Conex is a library to verify and attest release integrity and authenticity of a community repository through the use of cryptographic signatures.
Packages are collected in a community repository to provide an index and allowing cross-references. Authors submit their packages to the repository. which is curated by a team of janitors. Information about a package stored in a repository includes: license, author, releases, their dependencies, build instructions, url, tarball checksum. When someone publishes a new package, the janitors integrate it into the repository, if it compiles and passes some validity checks. For example, its name must not be misleading, nor may it be too general.
Janitors keep an eye on the repository and fix emergent failures. A new compiler release, or a release of a package on which other packages depend, might break the compilation of a package. Janitors usually fix these problems by adding a patch to the build script, or introducing a version constraint in the repository.
Conex ensures that every release of each package has been approved by its author or a quorum of janitors. A conex-aware client initially verifies the repository using janitor key fingerprints as anchor. Afterwards, the on-disk repository is trusted, and every update is verified (as a patch) individually. This incremental verification is accomplished by ensuring all resources that the patch modifies result in a valid repository with sufficient approvals. Additionally, monotonicity is preserved by embedding counters in each resource, and enforcing a counter increment after modification. This mechanism avoids rollback attacks, when an attacker presents you an old version of the repository.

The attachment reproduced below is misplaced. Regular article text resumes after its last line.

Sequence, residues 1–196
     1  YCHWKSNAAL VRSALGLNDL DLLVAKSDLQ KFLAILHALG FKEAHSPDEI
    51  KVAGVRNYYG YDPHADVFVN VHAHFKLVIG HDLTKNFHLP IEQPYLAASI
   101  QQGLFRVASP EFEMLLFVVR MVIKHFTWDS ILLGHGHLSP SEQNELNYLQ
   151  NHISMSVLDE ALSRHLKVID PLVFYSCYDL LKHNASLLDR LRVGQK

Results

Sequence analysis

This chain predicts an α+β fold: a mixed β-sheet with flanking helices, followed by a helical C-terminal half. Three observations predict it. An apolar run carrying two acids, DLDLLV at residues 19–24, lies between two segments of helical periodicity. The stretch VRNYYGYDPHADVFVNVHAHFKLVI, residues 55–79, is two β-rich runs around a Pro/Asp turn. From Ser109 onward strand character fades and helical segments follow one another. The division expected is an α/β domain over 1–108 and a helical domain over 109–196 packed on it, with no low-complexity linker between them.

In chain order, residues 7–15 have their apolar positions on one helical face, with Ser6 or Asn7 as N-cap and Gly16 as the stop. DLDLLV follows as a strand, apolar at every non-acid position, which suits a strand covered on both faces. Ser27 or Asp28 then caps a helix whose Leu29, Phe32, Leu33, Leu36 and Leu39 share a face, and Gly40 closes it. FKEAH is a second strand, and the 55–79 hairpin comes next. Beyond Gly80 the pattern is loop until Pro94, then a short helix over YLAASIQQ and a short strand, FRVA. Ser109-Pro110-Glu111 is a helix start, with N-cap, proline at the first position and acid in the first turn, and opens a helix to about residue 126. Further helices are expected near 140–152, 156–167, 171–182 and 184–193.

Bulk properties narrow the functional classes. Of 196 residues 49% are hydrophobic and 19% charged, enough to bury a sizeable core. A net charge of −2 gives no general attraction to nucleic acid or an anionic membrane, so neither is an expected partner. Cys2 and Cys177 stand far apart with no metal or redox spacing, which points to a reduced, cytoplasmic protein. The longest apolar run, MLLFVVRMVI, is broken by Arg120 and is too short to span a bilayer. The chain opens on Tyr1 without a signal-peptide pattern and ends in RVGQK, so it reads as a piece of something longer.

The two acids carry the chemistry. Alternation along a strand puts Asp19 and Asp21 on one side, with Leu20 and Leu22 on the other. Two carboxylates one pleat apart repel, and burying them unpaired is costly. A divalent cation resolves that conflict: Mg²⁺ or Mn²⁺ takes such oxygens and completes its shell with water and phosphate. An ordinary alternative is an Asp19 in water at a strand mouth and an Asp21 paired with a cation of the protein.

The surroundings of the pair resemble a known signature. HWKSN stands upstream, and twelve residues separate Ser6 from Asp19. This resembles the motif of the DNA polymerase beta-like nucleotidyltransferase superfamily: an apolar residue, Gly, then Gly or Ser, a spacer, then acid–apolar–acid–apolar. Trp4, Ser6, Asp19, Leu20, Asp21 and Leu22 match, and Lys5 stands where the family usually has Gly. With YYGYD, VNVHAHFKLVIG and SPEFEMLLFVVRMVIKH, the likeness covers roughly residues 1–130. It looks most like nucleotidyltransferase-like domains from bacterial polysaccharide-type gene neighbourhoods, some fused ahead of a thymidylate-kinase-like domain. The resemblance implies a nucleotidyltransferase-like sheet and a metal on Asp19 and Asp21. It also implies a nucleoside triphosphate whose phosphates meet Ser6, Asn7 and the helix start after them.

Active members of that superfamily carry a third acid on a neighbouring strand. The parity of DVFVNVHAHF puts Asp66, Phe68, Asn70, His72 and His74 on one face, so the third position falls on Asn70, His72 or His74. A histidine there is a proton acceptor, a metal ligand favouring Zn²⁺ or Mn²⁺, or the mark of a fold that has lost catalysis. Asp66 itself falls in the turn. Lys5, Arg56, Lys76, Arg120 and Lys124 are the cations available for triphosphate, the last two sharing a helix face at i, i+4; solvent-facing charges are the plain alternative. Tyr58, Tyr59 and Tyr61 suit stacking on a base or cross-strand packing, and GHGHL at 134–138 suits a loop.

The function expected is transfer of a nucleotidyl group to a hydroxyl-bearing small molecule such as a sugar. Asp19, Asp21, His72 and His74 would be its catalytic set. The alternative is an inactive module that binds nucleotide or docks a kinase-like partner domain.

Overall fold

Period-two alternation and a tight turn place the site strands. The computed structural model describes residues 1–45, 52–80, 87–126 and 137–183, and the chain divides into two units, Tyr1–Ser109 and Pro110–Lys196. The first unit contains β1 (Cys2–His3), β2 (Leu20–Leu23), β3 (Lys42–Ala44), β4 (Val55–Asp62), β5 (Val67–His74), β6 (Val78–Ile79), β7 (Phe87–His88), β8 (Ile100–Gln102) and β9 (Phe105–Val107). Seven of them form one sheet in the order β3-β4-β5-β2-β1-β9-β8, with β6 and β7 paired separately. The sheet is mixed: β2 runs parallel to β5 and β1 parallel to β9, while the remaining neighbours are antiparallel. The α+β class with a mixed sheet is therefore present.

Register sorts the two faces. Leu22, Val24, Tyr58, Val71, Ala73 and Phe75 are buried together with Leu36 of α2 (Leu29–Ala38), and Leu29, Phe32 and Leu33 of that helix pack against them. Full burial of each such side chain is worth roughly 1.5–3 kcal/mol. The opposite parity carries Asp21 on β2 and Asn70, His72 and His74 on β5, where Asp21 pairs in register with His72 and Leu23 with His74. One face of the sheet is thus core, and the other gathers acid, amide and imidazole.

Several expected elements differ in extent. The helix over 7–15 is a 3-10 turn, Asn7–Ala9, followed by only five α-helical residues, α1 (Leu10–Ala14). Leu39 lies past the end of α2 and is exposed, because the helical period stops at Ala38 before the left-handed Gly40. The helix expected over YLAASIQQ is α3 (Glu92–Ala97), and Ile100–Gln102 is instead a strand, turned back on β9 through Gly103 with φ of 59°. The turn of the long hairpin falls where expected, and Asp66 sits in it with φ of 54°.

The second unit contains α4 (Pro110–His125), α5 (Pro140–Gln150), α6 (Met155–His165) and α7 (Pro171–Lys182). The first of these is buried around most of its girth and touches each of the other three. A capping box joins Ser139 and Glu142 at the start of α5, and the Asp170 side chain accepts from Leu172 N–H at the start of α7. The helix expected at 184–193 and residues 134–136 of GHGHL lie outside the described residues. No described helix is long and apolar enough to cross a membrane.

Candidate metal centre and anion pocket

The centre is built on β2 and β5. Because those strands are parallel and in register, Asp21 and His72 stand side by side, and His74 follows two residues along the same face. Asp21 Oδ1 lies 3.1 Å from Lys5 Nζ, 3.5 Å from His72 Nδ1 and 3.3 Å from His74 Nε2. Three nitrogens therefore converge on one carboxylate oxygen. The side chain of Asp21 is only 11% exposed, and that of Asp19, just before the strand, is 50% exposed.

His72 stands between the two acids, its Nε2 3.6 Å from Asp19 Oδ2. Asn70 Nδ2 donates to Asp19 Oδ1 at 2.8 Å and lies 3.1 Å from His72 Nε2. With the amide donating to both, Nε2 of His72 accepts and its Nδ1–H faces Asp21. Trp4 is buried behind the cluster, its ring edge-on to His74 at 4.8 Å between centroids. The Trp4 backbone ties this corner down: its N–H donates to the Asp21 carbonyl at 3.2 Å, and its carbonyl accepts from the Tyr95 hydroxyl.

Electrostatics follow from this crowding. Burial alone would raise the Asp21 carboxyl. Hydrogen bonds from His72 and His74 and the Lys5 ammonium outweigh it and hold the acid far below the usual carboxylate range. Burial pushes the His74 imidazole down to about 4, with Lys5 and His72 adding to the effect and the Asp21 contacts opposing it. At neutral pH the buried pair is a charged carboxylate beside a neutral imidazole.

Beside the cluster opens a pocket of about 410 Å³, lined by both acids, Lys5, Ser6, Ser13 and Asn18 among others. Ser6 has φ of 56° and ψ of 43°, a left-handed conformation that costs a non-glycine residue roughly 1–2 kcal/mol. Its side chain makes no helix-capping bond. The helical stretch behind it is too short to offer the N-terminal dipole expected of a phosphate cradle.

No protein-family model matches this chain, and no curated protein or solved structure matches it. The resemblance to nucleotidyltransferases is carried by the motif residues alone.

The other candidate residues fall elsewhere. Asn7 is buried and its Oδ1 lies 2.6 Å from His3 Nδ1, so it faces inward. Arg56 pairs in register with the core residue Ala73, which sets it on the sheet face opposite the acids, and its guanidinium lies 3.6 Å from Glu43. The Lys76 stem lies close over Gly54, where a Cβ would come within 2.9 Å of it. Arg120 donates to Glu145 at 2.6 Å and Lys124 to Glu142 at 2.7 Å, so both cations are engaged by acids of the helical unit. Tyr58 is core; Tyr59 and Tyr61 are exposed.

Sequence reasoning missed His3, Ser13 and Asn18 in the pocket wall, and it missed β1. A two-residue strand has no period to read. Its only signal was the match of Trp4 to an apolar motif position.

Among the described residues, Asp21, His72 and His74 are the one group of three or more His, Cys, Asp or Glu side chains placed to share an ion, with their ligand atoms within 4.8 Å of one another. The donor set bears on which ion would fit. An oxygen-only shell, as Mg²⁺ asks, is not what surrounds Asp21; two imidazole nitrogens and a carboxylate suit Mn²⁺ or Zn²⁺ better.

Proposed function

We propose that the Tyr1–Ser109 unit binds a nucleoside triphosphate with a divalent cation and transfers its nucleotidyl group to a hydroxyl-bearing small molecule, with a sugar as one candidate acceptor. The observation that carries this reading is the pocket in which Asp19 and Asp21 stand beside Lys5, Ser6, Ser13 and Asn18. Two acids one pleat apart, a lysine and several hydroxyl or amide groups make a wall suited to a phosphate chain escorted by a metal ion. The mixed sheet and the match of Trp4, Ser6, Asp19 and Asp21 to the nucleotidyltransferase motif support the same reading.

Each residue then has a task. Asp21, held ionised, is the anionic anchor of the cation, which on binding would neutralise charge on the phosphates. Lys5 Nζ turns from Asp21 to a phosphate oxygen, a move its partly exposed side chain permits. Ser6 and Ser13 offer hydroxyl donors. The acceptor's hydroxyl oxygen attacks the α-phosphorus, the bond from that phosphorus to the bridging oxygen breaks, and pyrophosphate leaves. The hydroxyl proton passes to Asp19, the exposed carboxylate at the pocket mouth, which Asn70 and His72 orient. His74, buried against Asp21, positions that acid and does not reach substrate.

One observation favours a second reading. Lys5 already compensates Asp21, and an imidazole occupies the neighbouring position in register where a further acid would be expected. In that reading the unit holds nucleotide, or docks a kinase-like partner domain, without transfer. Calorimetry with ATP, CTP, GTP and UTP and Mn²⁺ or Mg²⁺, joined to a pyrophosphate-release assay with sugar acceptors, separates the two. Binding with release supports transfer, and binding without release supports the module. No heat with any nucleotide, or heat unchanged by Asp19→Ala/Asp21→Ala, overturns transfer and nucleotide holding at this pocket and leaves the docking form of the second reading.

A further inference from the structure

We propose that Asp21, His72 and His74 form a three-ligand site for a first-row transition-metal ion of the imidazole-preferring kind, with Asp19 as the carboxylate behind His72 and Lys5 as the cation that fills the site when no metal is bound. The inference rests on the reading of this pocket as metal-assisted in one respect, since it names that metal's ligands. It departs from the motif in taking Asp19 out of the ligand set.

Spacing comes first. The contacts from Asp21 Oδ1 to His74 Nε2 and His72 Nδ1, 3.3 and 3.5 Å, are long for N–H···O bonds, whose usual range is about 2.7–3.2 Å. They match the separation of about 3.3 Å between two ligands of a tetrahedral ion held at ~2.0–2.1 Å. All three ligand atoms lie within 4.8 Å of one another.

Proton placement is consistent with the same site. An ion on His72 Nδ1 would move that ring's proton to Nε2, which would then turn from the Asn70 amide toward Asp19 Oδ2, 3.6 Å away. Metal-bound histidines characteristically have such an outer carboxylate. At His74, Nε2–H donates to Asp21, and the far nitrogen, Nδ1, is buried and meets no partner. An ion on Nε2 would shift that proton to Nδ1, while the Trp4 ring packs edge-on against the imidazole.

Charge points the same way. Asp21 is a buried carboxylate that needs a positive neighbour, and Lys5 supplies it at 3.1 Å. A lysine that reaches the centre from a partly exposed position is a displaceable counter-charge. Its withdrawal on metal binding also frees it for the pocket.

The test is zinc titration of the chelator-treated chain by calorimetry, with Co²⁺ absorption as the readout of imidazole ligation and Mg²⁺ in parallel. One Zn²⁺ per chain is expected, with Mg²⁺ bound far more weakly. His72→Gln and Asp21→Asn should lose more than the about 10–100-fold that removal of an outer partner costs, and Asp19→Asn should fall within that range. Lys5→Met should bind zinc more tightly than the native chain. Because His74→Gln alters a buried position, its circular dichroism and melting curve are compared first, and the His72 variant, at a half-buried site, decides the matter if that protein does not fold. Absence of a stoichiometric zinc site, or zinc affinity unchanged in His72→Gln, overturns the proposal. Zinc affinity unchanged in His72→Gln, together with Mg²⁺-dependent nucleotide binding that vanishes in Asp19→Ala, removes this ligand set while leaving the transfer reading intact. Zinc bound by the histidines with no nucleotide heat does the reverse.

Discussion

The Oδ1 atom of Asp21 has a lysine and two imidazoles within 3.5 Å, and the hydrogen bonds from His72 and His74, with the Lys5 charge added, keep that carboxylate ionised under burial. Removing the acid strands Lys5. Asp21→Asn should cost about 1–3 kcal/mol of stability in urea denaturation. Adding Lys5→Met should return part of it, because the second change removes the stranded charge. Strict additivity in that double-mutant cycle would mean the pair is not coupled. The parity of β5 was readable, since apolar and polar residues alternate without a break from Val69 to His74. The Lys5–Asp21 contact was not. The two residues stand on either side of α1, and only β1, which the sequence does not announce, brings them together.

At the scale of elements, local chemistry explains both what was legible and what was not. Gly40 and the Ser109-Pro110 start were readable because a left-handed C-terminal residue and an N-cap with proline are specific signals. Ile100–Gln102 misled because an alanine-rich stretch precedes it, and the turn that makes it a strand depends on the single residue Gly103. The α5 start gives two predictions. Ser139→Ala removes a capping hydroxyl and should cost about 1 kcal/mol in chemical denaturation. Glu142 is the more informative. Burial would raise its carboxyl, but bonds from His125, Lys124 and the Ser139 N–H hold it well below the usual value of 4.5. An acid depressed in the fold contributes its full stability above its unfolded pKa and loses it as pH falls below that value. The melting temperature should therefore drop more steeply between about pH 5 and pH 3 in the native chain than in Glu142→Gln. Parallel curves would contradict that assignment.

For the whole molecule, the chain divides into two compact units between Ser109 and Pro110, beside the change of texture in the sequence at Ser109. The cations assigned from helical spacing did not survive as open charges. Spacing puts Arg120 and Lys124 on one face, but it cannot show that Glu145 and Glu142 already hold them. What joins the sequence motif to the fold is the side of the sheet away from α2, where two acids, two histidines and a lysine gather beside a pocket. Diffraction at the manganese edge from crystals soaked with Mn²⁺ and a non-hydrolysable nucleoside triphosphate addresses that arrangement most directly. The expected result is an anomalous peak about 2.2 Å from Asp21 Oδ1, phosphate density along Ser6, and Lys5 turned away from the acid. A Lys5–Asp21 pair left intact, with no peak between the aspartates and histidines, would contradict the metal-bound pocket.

Opam2 has support for a
repository validation command
conex_verify is supposed to be in the future.
A timestamping service (NYI) will periodically approve a global view of the verified repository, together with a timestamp. This is then used by the client to prevent mix-and-match attacks, where an attacker mixes some old packages and some new ones. Also, the client is able to detect freeze attacks, since at least every day there should be a new signature done by the timestamping service.
The trust is rooted in digital signatures by package authors. The server which hosts the repository does not need to be trusted. Neither does the host serving release tarballs.
If a single janitor would be powerful enough to approve a key for any author, compromising one janitor would be sufficient to enroll any new identities, modify dependencies, build scripts, etc. In conex, a quorum of janitors (let's say 3) have to approve such changes. This is different from current workflows, where a single janitor with access to the repository can merge fixes.
Conex adds metadata, in form of resources, to the repository to ensure integrity and authenticity. There are different kinds of resources:
- Authors, consisting of a unique identifier, public key(s), accounts.
- Teams, sharing the same namespace as authors, containing a set of members.
- Authorisation, one for each package, describing which identities are authorised for the package.
- Package index, for each package, listing all releases.
- Release, for each release, listing checksums of all data files.
Modifications to identities and authorisations need to be approved by a quorum of janitors, package index and release files can be modified either by an authorised id or by a quorum of janitors.